Bowling Alley Operations & The Upscaling of an American Pastime

By Brian Harris

dirty bowling alley
Photo by Jonathan Haeber, on Flickr

Bowling is one of those versatile activities that could be at the center of a child’s birthday party, a corporate team-building event, a first date, or a professional competition. There’s something uniquely American about renting a pair of shoes and hurling a 10-pound ball to knock over some objects.

So, why are more and more bowling alleys closing?

“It’s a different business than when I ran centers in the 1970s,” Sandy Hansell, a former bowling alley proprietor, told USA Today. “In those days, the business was built around leagues. Those days are gone.”

Bowling alley growth peaked in the mid-1960s and revenues were driven primarily by league membership. Many leagues centered around the blue collar workplace. Today, however, more young adults have white collar jobs than blue collar jobs, so league membership is down.

We’ve talked about the upscaling of restaurants, airports and hotels across America. It seems that the new American dream is the paradox of “affordable luxury.” A night out on the town is something everyone can afford. It seems like AMF Bowling got the hint with this commercial:

Today, traditional bowling alleys are competing with hybrid bowling/billiard room/shuffleboard room/arcade venues. Dave & Buster’s readily comes to mind, and USA Today points to a similar concept in Punch Bowl Social in Detroit, which also offers a karaoke bar and a full sit-down restaurant.

As one 23-year-old patron put it, “I don’t like the old-time bowling alleys. They kind of smell.”

You know what’s synonymous with things that smell? Things that break!

The good news is that the fundamentals of bowling alley maintenance have not changed much in the last 50 years, according to Tom Schemm, owner of Schemm Bowling Inc.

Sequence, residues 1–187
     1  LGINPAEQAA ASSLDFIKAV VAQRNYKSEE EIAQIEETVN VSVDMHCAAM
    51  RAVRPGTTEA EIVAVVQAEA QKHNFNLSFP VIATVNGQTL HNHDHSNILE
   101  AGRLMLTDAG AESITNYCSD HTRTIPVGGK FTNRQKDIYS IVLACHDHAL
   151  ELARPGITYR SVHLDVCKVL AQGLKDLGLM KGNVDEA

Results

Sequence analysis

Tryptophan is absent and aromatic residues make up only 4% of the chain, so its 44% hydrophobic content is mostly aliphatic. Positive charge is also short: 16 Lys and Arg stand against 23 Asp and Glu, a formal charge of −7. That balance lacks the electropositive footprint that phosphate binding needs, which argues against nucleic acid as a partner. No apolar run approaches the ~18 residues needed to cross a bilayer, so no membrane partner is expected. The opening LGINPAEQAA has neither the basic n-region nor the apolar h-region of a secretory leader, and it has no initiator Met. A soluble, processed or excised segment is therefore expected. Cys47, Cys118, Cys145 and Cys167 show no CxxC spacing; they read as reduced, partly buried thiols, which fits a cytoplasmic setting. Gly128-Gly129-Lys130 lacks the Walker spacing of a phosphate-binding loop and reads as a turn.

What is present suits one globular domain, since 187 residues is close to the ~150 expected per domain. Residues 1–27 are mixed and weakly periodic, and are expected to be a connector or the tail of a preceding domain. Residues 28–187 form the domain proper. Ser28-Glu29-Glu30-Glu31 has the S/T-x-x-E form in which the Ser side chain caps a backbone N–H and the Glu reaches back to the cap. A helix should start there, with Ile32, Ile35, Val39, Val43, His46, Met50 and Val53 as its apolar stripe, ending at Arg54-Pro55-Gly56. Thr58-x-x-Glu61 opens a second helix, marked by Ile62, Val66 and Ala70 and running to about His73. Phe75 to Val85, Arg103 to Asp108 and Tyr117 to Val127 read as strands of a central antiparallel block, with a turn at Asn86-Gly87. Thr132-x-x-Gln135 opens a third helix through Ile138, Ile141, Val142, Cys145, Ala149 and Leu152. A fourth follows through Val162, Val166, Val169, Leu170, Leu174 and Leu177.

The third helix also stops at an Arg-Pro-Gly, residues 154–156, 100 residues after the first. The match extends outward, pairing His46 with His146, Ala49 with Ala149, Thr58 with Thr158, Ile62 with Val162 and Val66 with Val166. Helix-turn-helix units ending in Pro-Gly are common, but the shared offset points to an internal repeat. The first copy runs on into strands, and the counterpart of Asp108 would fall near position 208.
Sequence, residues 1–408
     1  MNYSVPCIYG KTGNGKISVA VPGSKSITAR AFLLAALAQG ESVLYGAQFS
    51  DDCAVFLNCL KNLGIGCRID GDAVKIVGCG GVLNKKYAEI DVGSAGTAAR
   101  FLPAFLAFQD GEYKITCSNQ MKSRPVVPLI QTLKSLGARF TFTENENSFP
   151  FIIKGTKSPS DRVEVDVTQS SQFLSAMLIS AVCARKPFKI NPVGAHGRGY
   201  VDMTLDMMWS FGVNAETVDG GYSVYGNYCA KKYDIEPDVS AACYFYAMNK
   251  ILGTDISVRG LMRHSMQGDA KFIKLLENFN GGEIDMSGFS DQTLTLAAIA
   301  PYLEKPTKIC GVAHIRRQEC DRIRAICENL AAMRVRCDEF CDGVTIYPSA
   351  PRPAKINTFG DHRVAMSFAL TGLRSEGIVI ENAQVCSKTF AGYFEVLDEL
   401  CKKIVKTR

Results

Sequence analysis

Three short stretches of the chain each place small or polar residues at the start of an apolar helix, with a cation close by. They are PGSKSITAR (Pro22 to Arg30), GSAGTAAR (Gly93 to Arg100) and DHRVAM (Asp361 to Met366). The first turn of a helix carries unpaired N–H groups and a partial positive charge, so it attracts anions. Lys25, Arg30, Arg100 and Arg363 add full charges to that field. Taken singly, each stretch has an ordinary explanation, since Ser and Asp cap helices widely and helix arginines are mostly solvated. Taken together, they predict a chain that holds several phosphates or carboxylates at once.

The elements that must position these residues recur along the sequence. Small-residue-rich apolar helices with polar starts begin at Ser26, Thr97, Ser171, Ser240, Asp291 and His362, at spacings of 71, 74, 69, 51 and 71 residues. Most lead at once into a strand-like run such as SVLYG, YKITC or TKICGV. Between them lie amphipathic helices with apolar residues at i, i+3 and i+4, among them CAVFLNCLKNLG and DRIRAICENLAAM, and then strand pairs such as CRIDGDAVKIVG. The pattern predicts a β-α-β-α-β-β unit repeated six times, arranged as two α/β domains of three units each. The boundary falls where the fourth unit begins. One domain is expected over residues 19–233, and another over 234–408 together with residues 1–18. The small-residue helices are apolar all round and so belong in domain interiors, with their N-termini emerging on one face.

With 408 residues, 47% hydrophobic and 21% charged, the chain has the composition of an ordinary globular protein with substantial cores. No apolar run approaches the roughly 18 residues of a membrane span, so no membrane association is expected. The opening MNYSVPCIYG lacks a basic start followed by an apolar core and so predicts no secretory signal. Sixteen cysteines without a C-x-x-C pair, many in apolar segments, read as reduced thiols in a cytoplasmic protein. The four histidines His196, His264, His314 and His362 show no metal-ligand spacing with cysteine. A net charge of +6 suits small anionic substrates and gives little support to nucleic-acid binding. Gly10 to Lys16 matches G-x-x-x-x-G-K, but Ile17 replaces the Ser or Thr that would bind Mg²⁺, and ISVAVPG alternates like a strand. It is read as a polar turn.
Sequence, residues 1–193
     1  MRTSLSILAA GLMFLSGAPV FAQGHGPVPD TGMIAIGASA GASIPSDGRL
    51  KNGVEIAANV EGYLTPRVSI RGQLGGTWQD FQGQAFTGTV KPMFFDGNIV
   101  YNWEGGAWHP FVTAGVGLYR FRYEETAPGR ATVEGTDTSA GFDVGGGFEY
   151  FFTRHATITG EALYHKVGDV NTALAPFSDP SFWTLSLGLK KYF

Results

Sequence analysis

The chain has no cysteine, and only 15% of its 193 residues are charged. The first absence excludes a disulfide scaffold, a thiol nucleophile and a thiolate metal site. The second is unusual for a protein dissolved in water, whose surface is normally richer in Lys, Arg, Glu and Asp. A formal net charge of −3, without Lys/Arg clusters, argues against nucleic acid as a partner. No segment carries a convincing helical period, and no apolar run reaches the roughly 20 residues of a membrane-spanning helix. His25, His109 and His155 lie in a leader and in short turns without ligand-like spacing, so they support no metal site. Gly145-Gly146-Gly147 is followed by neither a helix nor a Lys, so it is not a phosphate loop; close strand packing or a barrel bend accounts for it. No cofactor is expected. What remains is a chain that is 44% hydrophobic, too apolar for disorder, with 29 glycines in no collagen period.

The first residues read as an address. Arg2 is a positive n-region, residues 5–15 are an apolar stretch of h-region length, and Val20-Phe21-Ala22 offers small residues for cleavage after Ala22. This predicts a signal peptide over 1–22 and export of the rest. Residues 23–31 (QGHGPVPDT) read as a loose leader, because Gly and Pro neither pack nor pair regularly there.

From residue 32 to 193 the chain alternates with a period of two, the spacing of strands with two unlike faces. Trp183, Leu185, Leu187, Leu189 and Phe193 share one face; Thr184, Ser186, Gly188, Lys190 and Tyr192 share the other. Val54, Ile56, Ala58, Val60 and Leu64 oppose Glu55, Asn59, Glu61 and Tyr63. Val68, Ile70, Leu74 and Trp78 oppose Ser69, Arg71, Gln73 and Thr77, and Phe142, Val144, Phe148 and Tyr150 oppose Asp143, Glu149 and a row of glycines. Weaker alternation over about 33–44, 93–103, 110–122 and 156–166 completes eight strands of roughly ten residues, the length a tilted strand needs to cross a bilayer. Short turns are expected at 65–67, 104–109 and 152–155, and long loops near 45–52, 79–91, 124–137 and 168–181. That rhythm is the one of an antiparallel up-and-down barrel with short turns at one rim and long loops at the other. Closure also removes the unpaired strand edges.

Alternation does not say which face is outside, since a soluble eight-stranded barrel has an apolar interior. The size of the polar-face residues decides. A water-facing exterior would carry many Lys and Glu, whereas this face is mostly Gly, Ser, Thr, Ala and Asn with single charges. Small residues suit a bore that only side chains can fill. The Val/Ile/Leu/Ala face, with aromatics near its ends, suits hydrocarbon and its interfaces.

Here are the top five perennial bowling alley problems and how to fix them:

  1. Balls that wind up in the gutter  – Lanes should be sanded, smoothed, and kept dry and level. After the lanes are dry, they are treated with a combination of base coats, top coats and sealers.
  2. Bowling balls that don’t return – The ball return is a system of conveyor belts and steel rails that need to be serviced and cleaned regularly.
  3. Pins that aren’t reset when knocked over – Pinsetters need to be cleaned daily and their mechanical parts should be wiped down at least once per week.
  4. Glitchy computers  – Computer support is usually the scoring system’s area of expertise. However, maintenance staff should be prepared to replace a broken monitor if needed.
  5. Yucky bowling balls and dirty-looking pins – Bowling alleys are meant to “pop” visually. Pins should be on a rotating schedule and stored in a cool, dry place. Bowling balls should be regularly wiped and polished.

All of these issues have something in common: consistency. Bowling is a game of wear and tear. Things will break, putting the new hybrid bowling alleys and old-time alleys on an even playing field when it comes to operations.

The Final Frame

Bowling remains a $6 billion industry in the U.S., according to the USA Today report. Bowling alleys don’t need to operate an indoor amusement park to offer something that will get customers in the door. However, they should look to carve out a niche.

For instance, The Gutter in Williamsburg, Brooklyn, brands itself “a bar with a bowling alley” and caters exclusively to an adult crowd. Pinz in Los Angeles caters to a younger crowd by offering roller lights, pins that glow in the dark ,and a state-of-the-art sound system.

Don’t be afraid to innovate, but be consistent with maintenance to deliver a satisfactory customer experience.

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